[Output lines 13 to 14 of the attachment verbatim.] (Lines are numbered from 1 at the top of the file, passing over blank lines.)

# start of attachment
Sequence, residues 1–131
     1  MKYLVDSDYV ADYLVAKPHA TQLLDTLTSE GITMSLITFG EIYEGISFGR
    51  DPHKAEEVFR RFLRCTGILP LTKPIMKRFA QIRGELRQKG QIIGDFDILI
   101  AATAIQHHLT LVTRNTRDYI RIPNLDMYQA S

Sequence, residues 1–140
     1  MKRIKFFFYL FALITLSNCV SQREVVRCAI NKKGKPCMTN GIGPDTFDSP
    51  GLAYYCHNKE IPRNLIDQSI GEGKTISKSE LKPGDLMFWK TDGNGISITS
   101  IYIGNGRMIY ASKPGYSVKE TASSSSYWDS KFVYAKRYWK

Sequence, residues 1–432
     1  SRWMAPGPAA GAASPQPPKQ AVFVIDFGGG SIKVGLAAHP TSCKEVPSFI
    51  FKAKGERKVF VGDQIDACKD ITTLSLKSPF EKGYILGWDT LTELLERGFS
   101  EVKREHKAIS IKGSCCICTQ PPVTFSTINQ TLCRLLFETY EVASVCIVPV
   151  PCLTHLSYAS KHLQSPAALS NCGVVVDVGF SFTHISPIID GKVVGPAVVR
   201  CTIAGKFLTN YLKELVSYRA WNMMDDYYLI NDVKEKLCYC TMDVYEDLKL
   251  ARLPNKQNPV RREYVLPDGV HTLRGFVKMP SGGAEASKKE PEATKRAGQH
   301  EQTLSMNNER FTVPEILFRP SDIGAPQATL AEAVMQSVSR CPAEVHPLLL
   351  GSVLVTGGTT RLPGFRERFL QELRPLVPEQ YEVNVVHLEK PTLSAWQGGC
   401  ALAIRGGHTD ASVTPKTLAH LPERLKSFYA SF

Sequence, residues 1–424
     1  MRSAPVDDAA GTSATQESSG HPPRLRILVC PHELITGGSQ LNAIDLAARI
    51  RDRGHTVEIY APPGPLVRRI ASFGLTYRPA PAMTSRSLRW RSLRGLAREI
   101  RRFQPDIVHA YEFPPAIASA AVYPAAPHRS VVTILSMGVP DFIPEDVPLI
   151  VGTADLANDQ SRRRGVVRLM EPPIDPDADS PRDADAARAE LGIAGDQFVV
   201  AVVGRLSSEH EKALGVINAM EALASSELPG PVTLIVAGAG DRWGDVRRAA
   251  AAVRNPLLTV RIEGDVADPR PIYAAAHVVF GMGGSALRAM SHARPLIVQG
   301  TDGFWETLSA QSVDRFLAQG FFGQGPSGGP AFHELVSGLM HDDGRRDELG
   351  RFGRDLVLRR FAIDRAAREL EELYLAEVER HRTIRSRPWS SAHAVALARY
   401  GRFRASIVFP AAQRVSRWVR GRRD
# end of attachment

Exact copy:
   151  PCLTHLSYAS KHLQSPAALS NCGVVVDVGF SFTHISPIID GKVVGPAVVR
   201  CTIAGKFLTN YLKELVSYRA WNMMDDYYLI NDVKEKLCYC TMDVYEDLKL